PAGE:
1. MacDonald, Keddie, Blackmore, Mahoney, Wilkinson, Gobby, Niesche, Eacott (Under Review), School autonomy, school accountability and social justice: a policy overview of Australian public education (1970s to present), Journal of Education Policy
This paper provides an overview of the policies of school autonomy and accountability in Australian public education from the 1970s to the present. It tracks the tensions between policy moves to both grant schools greater autonomy and rein in this autonomy with the increasing instatement of external forms of accountability. Utilising Nancy Fraser’s (2013) concepts of dis-embedding and re-embedding markets, we track key policy moments in three Australian states (Victoria, Western Australia and New South Wales) and federally. Aligning dis-embedding processes with policy attempts to free the system from centralised control and re-embedding processes with attempts to rein in these freedoms, we draw attention to the consistent trajectory towards a market agenda. We consider the implications of this trajectory for social justice.
2. Keddie, Blackmore, MacDonald, Wilkinson, Gobby, Niesche, Eacott, Mahony (Under Review), The constitution of school autonomy in Australian public education: Key areas of paradox for social justice, International Journal of Leadership in Education
School autonomy policies have circulated through various modes of educational governance nationally and internationally endorsing the view that more autonomy will improve schools and their systems. When subject to the discourses of marketisation, however, school ‘autonomy’ has been mobilised in ways that generate injustice. These injustices are the focus of this paper. We draw on preliminary findings from a three-year study that is exploring the social justice implications of school autonomy reform across four Australian states. Drawing on interviews with 43 stakeholders, the paper identifies four key areas of paradox for social justice currently confronting public schools and school systems. The language of paradox is drawn on to narrate the oppositional politics between the discourses constituting school autonomy and the pursuit of social justice. Such narration raises important questions for Australian public education. It highlights how these discourses are changing what is meant by the public in public education. Engaging with the language of paradox in thinking about school autonomy reform, we argue, is important given the broader landscape where public schooling is being reconstituted and its tradtional links to social justice and the common good are under threat.
3. Keddie, MacDonald, Blackmore, Eacott, Gobby, Niesche, Mahoney, Wilkinson (Under Review), School autonomy, marketisation and social justice: The plight of principals and schools, Journal of Educational Administration and History
This paper draws on interview data gathered as part of a broader study exploring the social justice implications of school autonomy reform within Australia’s public education system. We draw attention to the concerns expressed by key education stakeholders across three states, Western Australia, Victoria and New South Wales, about the negative equity implications of school autonomy reform when it is driven by market imperatives. Interviewees expressed their view that school autonomy could be mobilised in positive ways for equity when sufficiently resourced by centralised state and federal authorities and supported at regional levels. However, they also highlighted key problems such resourcing failed to adequately recognise relating to 1) how principals (especially those with a lack of experience) were not adequately supported to manage the responsibilities and pressures of greater school autonomy and accountability and 2) how particular schools (especially small schools and schools in rural, remote and disadvantaged areas), despite the availability of additional centralised support, were struggling with the processes and expectations of this reform to improve student learning. The paper argues for the significance of greater centralised and regional support in these areas.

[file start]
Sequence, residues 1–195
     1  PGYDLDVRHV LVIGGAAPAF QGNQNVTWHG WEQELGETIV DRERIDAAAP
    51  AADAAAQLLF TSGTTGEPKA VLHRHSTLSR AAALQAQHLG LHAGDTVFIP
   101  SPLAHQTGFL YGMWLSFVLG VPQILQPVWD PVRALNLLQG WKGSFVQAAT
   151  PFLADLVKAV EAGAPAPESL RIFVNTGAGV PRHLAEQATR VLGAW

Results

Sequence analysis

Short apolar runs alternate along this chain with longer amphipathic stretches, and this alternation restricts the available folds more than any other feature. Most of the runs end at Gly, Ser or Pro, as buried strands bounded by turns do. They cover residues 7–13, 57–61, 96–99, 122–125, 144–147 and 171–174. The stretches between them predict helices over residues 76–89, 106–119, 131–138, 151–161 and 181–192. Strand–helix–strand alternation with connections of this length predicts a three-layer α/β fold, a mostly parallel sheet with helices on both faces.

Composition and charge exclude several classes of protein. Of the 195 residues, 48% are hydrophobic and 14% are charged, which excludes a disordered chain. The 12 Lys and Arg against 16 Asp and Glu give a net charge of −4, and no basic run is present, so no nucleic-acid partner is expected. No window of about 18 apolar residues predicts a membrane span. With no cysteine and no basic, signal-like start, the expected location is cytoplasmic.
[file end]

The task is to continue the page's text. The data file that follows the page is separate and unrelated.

4. Eacott, Niesche, Keddie, Blackmore, Wilkinson, Gobby, MacDonald, and Fernandez (In Prep), Autonomy, school leadership and pursuit of equitable outcomes – The LSLD reforms in NSW, Australia
Australian school education is at a critical junction. Large-scale testing indicates a downward trend in performance measures coupled with work intensification, minimal time for instructional leadership, declining quality applicants for positions and enduring inequities based on context. One persuasive solution proposed continually for the last four decades has been the local management of school. It has been argued that school level decision making enables the delivery of context sensitive leadership that can best meet local needs and deliver the kinds of growth / performance in school outcomes that can achieve national goals of equity and excellence. Drawing from a New South Wales subset of a national study on school autonomy and social justice, we argue that the current Local Schools Local Decisions reforms cannot resolve the issues of under-performance as they generate work that takes leaders and educators away from teaching and learning activities. In doing so, they require schools serving the most disadvantaged communities to work even harder.